For over twenty years, artists and filmmakers Joana Hadjithomas and Khalil Joreige have collaborated across the worlds of art and film to reimagine the relationship between fiction and reality. Both born in Beirut, Lebanon, Hadjithomas and Joreige’s collaboration began by exploring histories of their home country. Across diverse media, they have investigated topics from the Lebanese Civil War to Beirut’s participation in the space race of the 1960s, underpinned by a commitment to questioning the ways that history is written.
This exhibition presents works from the landmark series On Scams (I must first apologise), a multi-part project exploring notions of trust and faith across geographical and virtual borders. This series takes as its point of departure an archive of over 4,000 spam emails Hadjithomas and Joreige have received and collected since 1999. They were intrigued by the emotional appeals of these messages, and the manner in which these fictions were grounded in political realities: the messages often contain references to real people, places, and conflicts to legitimize their claims.
The exhibition presents the immersive multi-screen installation The Rumor of the World (2014), in which scam emails are brought to life by amateur actors that appear on monitors encircling the viewer. Relocating email texts to the bodies of actual people, the work’s cacophony of voices generates a reimagining of recent history in which war and unrest are the backdrop to a series of ultimately implausible circumstances.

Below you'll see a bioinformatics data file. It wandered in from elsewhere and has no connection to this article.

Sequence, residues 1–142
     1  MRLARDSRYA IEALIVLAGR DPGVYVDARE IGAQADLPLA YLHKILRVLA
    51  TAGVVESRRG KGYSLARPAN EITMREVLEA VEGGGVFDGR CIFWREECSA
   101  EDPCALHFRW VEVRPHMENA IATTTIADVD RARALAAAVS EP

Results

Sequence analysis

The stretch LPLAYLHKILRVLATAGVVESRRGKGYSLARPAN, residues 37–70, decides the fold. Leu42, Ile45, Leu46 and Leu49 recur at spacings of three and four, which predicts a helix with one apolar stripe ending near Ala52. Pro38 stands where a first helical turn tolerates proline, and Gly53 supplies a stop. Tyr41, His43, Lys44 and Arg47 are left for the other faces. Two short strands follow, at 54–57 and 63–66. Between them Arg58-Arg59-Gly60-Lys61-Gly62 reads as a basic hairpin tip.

Considering the scammers’ fictions as representative of the geopolitical fault-lines of our time, Hadjithomas and Joreige extend this project in a series of related works in video, sculpture and drawing. In the Fleck Clerestory, a group of large-scale oxidized steel sculptures entitled The Geometry of Space (2014) map the geographical trajectories of these stories onto globe-like forms, translating fictional narratives into physical space.
The video work It’s All Real (2014) explores the life stories of the Beirut-based actors who perform the scammers’ tales in The Rumor of the World, conjuring the stories of immigration and refuge-seeking that have shaped their realities. In The Jerusalem Letter (2014), Hadjithomas and Joreige interrogate historical precedents for scams, reproducing an example of a late-eighteenth century scam letter sent during the French Revolution – a period, like today, when bases of power and trust were unsettled. Like elements of a film in which fiction and reality are blurred, the exhibition’s works construct a web of stories to investigate the shifting nature of belief.
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The Power Plant
231 Queens Quay West
Toronto, Ontario M5J 2G8 Canada